• Script the crit­i­cal moves: Chip and Dan Heath noted that exces­sive choices and ambi­gu­ity are exhaust­ing to the Rider as the Rider wres­tles the reins try­ing to lead the Ele­phant down a new but unclear path. The Ele­phant will always want to stick to the famil­iar path (sta­tus quo). Your orga­ni­za­tion will need more than just a vision for becom­ing more data-driven but also spe­cific details or actions. What are the spe­cific actions or behav­iors that indi­vid­u­als and teams can do to become more data-driven? What actions, processes, or other best prac­tices from the bright spots can be scripted for the rest of the orga­ni­za­tion? Maybe your com­pany needs to unify itself around a core set of KPIs and cus­tom reports. Maybe the menu struc­ture in Site­Cat­a­lyst needs to be cus­tomized for a spe­cific team to “script” which reports they need to use on a reg­u­lar basis to man­age their business.
  • Point to the des­ti­na­tion: The Rid­ers within your orga­ni­za­tion need to have a clear under­stand­ing of the des­ti­na­tion. What does it mean to be data-driven and why is it impor­tant to me? Our team? Our com­pany? The Heath broth­ers dis­cuss hav­ing a des­ti­na­tion post­card, which is a “vivid pic­ture from the near-term future that shows what could be pos­si­ble.” You need a vision that appeals to both the Rider (where are we head­ing?) and Ele­phant (why is the jour­ney worth­while?). A SMART goal is not a des­ti­na­tion post­card as it pre­sumes the emo­tion, but doesn’t actu­ally gen­er­ate it.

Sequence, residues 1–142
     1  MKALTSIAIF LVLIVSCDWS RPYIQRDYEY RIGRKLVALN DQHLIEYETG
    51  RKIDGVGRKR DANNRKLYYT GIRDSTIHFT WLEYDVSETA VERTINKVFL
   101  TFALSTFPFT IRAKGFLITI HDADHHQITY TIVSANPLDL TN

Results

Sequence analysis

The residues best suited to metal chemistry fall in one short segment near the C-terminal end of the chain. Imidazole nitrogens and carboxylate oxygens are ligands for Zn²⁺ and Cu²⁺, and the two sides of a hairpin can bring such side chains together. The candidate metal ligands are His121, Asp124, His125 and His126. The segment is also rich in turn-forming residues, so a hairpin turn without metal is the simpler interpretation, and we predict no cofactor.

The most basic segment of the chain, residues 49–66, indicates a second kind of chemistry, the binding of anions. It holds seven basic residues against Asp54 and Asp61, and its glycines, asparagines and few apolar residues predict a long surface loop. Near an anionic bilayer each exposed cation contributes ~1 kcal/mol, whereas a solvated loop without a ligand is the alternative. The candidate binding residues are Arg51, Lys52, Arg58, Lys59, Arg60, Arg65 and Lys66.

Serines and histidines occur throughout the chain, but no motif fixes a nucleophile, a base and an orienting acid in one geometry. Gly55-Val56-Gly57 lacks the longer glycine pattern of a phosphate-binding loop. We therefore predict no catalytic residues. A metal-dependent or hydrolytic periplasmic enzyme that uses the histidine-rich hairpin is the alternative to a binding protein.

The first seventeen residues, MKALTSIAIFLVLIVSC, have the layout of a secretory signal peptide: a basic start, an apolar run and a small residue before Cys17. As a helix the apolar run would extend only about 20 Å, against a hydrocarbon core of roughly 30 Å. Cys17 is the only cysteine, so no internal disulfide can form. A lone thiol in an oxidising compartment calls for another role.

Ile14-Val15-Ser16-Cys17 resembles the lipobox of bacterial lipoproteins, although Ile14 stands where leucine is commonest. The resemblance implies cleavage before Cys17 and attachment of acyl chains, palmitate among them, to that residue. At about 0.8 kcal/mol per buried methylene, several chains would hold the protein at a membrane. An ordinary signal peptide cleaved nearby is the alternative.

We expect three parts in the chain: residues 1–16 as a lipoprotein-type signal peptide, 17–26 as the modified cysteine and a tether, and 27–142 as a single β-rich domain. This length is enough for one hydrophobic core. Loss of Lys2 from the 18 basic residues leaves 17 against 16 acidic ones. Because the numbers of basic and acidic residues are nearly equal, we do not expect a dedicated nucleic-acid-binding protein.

Moti­vate the Elephant

  • Find the feel­ing: Our ana­lyt­i­cal focus may blind us to the fact that change is not based on “ANALYZE-THINK-CHANGE” but “SEE-FEEL-CHANGE”. If emo­tion moti­vates the Ele­phant to change, which feel­ing is going to move your company’s Ele­phants? Is it anger, hope, dis­may, fear, joy, or surprise?For exam­ple, the sur­prise gen­er­ated among team mem­bers about which cre­ative or web design per­forms best could be “the” feel­ing that ignites a change within your com­pany towards adopt­ing a more data-driven approach.
  • Shrink the change: Becom­ing a data-driven orga­ni­za­tion may seem insur­mount­able at times. Chip and Dan Heath sug­gest break­ing down the ulti­mate vic­tory into a series of small wins or mile­stones that are mean­ing­ful and within imme­di­ate reach. It’s impor­tant to make sure that advances are made vis­i­ble so that peo­ple can see they are mak­ing progress on the desired path. It may start as sim­ply as hav­ing peo­ple log­ging into Site­Cat­a­lyst once a week to review a key dash­board or a few cus­tom reports. “When you engi­neer early suc­cesses, what you’re really doing is engi­neer­ing hope. Hope is pre­cious to a change effort. It’s Ele­phant fuel.” As you pub­li­cize the quick wins your orga­ni­za­tion is expe­ri­enc­ing with ana­lyt­ics and opti­miza­tion, your data-driven trans­for­ma­tion will begin to build momentum.